This is the time of year to evaluate your hay and pasture fields to determine if they need to be reseeded. First and foremost, you need to make sure the pH and fertility is adequate for the forages you want to plant. If it is not, the new seeding could germinate then die or never produce to its potential.
Next it is a good idea to know what you need for your livestock. For example beef cows probably do not need high quality alfalfa and lactating dairy cows may need a higher quality and more palatable forage then what fescue grass can provide.
Sheep can graze pastures close so orchard grass which stores energy at the base of the plant may not be a good option. Poorly drained fields or fields with a lot of deer pressure are not good options for alfalfa.
So what should be planted? The following is a list of common forages that can be planted in our area and their characteristics.
Alfalfa — It is probably the best high quality feed for livestock and as a cash crop, but it requires deep, well-drained soils and high fertility for high yields. While it can be used for grazing, it is best adapted for hay or silage.
Be aware that it can cause bloat when grazed by livestock and purchase improved varieties with good winter hardiness, disease and potato leafhopper resistance.
Birdsfoot Trefoil — This is a deep-rooted perennial legume that is best adapted to northern areas of Ohio and Pennsylvania, but I have seen more growing in southern Ohio over the past three years. It can tolerate low pH, poor soil drainage, marginal fertility and is non-bloating.
It is slow to establish, subject to weed invasion so should be planted in a mixed stand, and prone to diseases.
Red clover — Red clover is a short lived perennial legume but has several advantages. It can tolerate poorly drained and slightly acidic soils and has good seeding vigor. Seeding vigor is important because it can stretch out or improve stands.
It is a good option for frost seeding, so in the next month, we can spread this seed on pastures or hay fields. Red clover can be hard to dry for hay bloat can be a problem when grazing if there is not enough grass present.
White clover — This is a low-growing short-lived perennial. This is a good legume to have in pastures especially if short growing grasses like bluegrass are present. It is a good legume if sheep and goats are grazing as they tend to graze closer than cattle. This is a good plant for continuous grazing as it is a prolific seeder, but bloat can be a problem.
Kentucky bluegrass — This grass is ideal for pastures as the low growth habit makes it tolerant to close grazing. It forms a dense sod and spreads by seeds and rhizomes. It can persist under poor soil conditions and management, but responds to good management. Yields will be less than many other cool season grasses and is more drought susceptible than other grasses.
Orchardgrass — This grass is good for pasture, hay and silage. It is very productive “bunch-type” grass that responds well to good management. It grows best in well drained soils, has rapid regrowth and is palatable.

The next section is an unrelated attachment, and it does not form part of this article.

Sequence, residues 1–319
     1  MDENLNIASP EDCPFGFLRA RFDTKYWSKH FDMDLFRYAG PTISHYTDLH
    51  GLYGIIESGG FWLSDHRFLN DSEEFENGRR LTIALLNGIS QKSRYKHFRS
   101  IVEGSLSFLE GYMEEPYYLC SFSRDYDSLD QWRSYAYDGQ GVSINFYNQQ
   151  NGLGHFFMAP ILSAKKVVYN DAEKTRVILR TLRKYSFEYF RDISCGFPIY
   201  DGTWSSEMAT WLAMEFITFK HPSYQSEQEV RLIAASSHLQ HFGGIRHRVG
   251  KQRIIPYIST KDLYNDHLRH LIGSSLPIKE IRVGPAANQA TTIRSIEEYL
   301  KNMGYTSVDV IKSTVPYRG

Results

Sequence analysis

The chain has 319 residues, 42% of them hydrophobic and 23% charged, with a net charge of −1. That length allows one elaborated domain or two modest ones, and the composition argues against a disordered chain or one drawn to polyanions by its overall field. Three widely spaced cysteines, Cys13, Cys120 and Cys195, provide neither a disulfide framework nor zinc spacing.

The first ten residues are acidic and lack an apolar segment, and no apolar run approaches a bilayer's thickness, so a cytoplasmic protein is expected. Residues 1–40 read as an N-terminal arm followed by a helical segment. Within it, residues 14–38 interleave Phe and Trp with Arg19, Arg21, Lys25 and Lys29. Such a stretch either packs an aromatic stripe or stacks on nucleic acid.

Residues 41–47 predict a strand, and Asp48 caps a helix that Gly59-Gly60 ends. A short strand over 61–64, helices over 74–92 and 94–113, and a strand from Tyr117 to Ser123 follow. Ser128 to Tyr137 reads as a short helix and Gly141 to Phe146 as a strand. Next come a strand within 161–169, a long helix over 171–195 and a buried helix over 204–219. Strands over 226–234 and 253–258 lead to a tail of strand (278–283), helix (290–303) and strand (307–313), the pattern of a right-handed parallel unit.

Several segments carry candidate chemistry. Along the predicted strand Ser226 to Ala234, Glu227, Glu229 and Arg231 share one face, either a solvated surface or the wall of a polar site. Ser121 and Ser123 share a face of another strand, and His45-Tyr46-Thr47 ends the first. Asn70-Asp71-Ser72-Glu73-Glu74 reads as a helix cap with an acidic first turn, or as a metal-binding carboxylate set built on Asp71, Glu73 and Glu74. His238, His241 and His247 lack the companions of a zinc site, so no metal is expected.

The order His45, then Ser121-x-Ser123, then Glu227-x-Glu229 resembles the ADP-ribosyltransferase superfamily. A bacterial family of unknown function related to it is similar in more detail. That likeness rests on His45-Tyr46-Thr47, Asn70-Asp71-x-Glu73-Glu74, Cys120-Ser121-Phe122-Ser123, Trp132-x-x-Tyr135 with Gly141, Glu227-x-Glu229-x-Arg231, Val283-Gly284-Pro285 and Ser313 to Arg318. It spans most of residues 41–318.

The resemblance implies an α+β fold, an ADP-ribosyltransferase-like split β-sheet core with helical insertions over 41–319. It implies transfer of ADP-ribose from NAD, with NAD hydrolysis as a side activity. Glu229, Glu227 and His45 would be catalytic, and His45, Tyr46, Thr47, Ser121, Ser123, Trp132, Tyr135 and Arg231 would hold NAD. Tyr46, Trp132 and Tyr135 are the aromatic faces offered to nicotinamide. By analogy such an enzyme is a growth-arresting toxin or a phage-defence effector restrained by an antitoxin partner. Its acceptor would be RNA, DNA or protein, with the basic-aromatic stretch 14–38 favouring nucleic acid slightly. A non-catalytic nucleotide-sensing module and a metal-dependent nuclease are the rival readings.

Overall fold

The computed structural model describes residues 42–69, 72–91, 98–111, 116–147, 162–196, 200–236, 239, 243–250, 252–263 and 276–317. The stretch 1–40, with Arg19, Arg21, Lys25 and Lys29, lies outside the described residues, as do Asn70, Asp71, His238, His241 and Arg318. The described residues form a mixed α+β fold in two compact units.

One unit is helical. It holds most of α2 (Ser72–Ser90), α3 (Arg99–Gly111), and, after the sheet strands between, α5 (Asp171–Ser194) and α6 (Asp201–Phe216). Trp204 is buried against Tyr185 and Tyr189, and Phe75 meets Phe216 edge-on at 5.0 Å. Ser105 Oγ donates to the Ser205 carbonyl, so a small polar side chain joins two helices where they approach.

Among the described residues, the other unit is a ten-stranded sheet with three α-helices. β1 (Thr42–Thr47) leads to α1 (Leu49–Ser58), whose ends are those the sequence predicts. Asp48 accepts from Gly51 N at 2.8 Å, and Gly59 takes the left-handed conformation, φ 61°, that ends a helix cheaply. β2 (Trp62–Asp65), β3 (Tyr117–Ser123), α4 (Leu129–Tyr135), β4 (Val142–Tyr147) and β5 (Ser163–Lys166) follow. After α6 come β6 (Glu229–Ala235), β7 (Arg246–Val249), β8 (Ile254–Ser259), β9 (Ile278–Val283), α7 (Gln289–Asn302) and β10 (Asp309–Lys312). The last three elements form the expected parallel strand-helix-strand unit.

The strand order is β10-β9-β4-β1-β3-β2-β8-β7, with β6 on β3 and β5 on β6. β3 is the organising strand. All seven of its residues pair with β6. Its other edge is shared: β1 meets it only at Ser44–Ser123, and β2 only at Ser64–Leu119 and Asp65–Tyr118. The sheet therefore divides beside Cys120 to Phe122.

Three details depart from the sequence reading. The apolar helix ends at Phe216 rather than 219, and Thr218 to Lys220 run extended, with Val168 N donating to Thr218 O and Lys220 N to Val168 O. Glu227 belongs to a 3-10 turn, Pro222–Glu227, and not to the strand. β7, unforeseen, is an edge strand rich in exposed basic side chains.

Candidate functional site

However when it becomes mature, palatability rapidly declines. Common varieties mature rapidly, so consider late maturing varieties. Rust can be a problem in latter in the summer, so select varieties with leaf disease resistance.
Ryegrass — If alfalfa is the “Queen” of forages, ryegrass is the “King.” Perennial ryegrass is a bunch-type grass that is palatable with high nutritive value. It has a long growing season and excellent yields with good fertility.
Why doesn’t everyone grow it? It is less winter hardy than other grasses, best adapted to areas like northern Ohio, it is not as competitive as other grasses and it is difficult to dry for hay.
Fescue — The grass we love to hate. During this time of the year, it is the best grass we have. It will stockpile well for grazing during the winter and retain much of its quality. It is a high yielding grass that tolerates low fertility, drought, insects and diseases.
The problem is that common types have a fungus or endophyte in it that makes it unpalatable and can cause health problems in the summer months and pregnancy problems with horses. The good news is this is greatly reduced during the winter months and palatability increases. There are also varieties available without the endophyte or with a “novel” endophyte that will not cause problems with livestock.
There are several other grasses that have good adaptation for our area. Smooth bromegrass is high quality forage for hay and pasture and will retain quality better than other grasses when mature. The grass is adversely affected during stem elongation if cut or grazed.
Reed canarygrass is a good option in flood prone areas but will grow in other areas. It is high yielding and very competitive but slow to establish. Purchase only high quality low-alkaloid varieties to increase forage quality.
Unless growing a pure stand of alfalfa, mixing types of forages for a new seeding is a good option. Consider a primary grass, a primary legume, then you can consider minor species to add to the mix. It is important to consider species with similar growth habits.
For example, you would not want to plant bluegrass with red clover, but you could plant orchardgrass or fescue with red clover.
Finally, purchase only high quality improved varieties of seed. There have been tremendous advances in quality, yield, persistence and insect and disease resistance which makes the added cost of the seed a good value.
For more information the Ohio Agronomy Guide is an excellent source of information, and is where much of this information was obtained. It is available at Ohio Extension offices or at ohioline.osu.edu.
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